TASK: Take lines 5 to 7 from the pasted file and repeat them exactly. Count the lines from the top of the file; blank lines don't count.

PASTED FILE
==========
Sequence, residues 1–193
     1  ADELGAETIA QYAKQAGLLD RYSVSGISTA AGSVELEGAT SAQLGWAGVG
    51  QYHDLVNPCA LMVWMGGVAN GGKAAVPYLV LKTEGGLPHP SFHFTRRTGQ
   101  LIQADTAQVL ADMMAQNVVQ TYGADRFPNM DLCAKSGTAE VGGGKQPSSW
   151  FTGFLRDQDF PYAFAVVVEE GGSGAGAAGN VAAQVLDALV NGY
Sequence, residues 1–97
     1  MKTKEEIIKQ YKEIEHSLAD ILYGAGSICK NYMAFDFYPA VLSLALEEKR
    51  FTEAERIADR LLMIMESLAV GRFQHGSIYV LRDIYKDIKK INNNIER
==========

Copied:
   151  FTGFLRDQDF PYAFAVVVEE GGSGAGAAGN VAAQVLDALV NGY
Sequence, residues 1–97
     1  MKTKEEIIKQ YKEIEHSLAD ILYGAGSICK NYMAFDFYPA VLSLALEEKR